Gundy sees several reasons for lackluster performance in opener

MORGANTOWN, W.Va. — In Saturday’s season opener against Tulsa, Oklahoma State won a football game while scoring less than twenty points for the first time since 2017. Their 16-7 triumph over the Golden Hurricane was far from a rousing exhibition of football but head coach Mike Gundy says he was relatively calm despite needing a fourth quarter rally to defeat a team that won just four games in 2019.

“I felt very comfortable in the game because we were stopping them,” Gundy said. “Everybody on this Zoom call knows that in Big 12 play what has happened over the last ten years. Everybody has held their breath to see who gets the ball last. So whoever gets the ball last scores and the game is over.

“I felt like we were stoning them on defense and I thought at some point, somebody has to score. Hopefully it is just us. There’s not many years and many games that I have had the feeling that we can just hold on and sputter around on offense like we did.”

“We can put the game in our hands and put it on our back,” said Oklahoma State linebacker Malcolm Rodriguez. “We have veterans on the defensive side and we can step up like that.”

Tulsa Golden Hurricane quarterback Zach Smith (11) throws the ball while pressed by Oklahoma State Cowboys linebacker Malcolm Rodriguez (20) (Rob Ferguson-USA TODAY Sports)

“West Virginia is really going to throw the ball a lot more,” said Oklahoma State defensive lineman Cameron Murray. “We have been working on the same stuff we have been doing and finishing and getting to the quarterback.”

Oklahoma State has relied heavily on an uptempo, high-scoring offense over the last decade. Gundy says the pendulum may be swinging back in the other direction.

“We have been on the flip side of this,” Gundy said. There’s times the offense just kept scoring and we wondered if we were ever going to stop anyone on defense. That’s the way it is sometimes.”

“Musical chairs” up front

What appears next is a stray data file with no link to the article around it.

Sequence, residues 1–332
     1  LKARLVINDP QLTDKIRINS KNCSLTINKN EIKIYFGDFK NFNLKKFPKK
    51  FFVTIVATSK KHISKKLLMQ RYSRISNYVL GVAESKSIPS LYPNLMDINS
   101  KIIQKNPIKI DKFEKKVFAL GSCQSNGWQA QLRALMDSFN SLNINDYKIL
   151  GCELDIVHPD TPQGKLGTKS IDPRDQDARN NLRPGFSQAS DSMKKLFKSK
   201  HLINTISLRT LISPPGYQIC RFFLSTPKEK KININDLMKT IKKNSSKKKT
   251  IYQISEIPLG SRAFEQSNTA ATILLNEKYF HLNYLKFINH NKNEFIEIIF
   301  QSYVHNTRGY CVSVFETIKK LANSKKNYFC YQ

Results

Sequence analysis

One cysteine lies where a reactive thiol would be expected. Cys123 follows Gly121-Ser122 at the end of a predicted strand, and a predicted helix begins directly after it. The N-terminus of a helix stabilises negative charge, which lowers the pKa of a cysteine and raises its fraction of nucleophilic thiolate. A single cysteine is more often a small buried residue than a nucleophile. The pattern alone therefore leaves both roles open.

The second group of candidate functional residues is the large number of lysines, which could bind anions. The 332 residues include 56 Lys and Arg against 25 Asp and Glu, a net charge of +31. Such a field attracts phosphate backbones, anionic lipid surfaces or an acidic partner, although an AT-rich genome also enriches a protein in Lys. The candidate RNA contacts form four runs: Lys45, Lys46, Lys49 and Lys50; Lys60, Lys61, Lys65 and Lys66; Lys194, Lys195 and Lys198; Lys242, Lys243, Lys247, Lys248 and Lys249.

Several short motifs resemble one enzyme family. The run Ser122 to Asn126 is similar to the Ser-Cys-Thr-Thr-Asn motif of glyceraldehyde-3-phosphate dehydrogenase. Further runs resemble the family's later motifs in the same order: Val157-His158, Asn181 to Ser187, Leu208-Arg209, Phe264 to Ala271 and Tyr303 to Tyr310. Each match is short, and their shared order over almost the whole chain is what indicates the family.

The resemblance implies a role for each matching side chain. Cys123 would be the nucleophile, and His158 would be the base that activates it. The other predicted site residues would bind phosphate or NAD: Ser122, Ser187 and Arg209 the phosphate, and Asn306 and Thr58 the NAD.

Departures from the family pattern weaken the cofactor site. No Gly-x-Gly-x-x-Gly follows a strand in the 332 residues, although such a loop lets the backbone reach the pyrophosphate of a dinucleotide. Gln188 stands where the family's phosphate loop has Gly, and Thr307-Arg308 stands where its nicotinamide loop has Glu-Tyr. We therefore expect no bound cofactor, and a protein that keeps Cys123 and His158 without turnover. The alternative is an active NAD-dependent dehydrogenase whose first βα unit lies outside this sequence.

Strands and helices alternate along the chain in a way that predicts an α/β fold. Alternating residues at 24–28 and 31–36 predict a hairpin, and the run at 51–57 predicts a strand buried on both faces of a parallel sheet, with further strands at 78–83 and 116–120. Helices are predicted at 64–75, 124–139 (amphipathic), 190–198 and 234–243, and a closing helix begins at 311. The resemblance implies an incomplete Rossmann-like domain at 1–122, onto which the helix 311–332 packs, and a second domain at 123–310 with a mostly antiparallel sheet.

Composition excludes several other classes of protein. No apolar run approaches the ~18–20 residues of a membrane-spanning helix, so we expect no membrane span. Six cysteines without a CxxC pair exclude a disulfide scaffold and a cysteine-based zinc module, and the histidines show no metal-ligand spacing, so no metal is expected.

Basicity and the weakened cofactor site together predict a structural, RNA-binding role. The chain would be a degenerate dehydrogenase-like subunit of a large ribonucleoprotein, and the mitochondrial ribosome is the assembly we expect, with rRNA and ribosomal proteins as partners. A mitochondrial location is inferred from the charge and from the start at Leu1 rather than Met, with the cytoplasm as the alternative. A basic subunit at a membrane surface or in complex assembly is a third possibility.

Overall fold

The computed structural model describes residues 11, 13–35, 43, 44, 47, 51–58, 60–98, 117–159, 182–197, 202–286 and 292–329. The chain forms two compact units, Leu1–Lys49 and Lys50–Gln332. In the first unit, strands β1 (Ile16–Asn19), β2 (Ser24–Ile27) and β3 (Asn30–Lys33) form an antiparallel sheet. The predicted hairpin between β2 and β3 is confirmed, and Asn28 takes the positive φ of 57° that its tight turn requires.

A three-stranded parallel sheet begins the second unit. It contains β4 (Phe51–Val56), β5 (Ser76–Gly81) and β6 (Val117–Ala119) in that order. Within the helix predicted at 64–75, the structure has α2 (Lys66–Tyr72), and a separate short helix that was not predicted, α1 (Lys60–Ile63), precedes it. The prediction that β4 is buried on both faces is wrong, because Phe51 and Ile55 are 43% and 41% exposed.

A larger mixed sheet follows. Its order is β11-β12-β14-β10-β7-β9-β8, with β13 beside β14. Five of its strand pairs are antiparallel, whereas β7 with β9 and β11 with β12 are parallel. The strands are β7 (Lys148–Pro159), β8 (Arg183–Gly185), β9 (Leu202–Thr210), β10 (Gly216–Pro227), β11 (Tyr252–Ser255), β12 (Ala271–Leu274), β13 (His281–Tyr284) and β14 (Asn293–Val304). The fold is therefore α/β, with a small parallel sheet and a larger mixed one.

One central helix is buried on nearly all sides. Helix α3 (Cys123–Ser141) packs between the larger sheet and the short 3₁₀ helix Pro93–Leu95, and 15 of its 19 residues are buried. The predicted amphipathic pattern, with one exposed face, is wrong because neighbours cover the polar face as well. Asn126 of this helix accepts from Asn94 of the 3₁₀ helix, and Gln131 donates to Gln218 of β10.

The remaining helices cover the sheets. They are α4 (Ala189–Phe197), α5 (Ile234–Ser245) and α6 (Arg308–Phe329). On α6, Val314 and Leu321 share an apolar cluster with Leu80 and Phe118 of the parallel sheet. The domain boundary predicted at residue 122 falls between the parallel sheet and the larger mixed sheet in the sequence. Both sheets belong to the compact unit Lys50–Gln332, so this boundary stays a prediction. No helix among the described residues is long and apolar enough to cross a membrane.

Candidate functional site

OSU starting right guard Cole Birmingham and starting right tackle Hunter Anthony were both injured in the season opener.  Tulsa took advantage, collecting six sacks in the game and getting a lot of pressure while rushing just three defenders.

“We were below average based on musical chairs,” Gundy said. “It is extremely difficult. You can call it like you want but when you move people around that much, the continuity is difficult. Hopefully we can get set in what we need and get quality reps this week.”

Getting up to speed

While West Virginia was able to substitute liberally in their season-opening win over Eastern Kentucky, the Cowboys were stressed for a full sixty minutes against Tulsa. Gundy says the stops and starts of an abnormal preseason had an effect on his team.

“We were not in very good shape Saturday. We have had a lot of practices but they have not been consistent practices with our team like they had been last year. When we went to Oregon State last year, we were running on all cylinders and we were a machine when it came to our cardio. We were pretty average in the last game because of a variety of reasons.

“We had concerns about pushing the guys in practice because of concerns about the virus.”

Evaluating backup quarterbacks a tricky proposition

Gundy ran through his top three quarterbacks last Saturday. Starter Spencer Sanders was injured in the first half and did not return. Backup Ethan Bullock was pulled after throwing an interception. True freshman and early enrollee Shane Illingworth saved the game for the Cowboys by engineering three fourth quarter scoring drives.

“I thought he was composed and executed very well. I don’t think that we could have asked him to do more than what he did. So we are pleased with his play.

“There can be good quarterbacks that really don’t show up because they don’t get good practice, or work with the (first team). For example, there’s Joe Burrow. That can happen at times based on the way things fall, who the starter should be, who the backup should be. The toughest part for a quarterback is being the number two guy in spring practice. It is difficult to work with the (second team) when the offense is generally ahead of the defense.”

Backing up Chuba 

While Chuba Hubbard is firmly established as one of the elite skill players in the nation, backup running back L.D. Brown was impressive in the opener. He rushed for 63 yards on just 9 carries against Tulsa.

“He was awesome. L.D. played his best game in all areas. In pass protection, he stepped up and hit people in the face. When he had the chance to rush the football, he did so extremely hard and he did a really good job with ball security.”

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